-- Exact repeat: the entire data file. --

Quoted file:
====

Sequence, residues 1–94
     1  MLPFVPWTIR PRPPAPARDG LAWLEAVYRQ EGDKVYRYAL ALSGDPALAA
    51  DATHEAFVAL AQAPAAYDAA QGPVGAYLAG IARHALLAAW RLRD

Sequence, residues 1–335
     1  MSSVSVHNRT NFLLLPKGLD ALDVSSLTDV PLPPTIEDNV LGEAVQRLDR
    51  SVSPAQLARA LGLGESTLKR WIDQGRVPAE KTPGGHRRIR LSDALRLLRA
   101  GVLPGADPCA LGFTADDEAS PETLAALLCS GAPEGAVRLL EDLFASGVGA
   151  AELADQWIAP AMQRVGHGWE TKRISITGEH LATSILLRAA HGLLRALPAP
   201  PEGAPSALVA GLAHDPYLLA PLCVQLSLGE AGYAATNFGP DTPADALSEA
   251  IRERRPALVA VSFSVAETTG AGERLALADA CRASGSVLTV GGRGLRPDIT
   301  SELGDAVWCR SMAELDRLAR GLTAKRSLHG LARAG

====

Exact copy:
Sequence, residues 1–94
     1  MLPFVPWTIR PRPPAPARDG LAWLEAVYRQ EGDKVYRYAL ALSGDPALAA
    51  DATHEAFVAL AQAPAAYDAA QGPVGAYLAG IARHALLAAW RLRD

Sequence, residues 1–335
     1  MSSVSVHNRT NFLLLPKGLD ALDVSSLTDV PLPPTIEDNV LGEAVQRLDR
    51  SVSPAQLARA LGLGESTLKR WIDQGRVPAE KTPGGHRRIR LSDALRLLRA
   101  GVLPGADPCA LGFTADDEAS PETLAALLCS GAPEGAVRLL EDLFASGVGA
   151  AELADQWIAP AMQRVGHGWE TKRISITGEH LATSILLRAA HGLLRALPAP
   201  PEGAPSALVA GLAHDPYLLA PLCVQLSLGE AGYAATNFGP DTPADALSEA
   251  IRERRPALVA VSFSVAETTG AGERLALADA CRASGSVLTV GGRGLRPDIT
   301  SELGDAVWCR SMAELDRLAR GLTAKRSLHG LARAG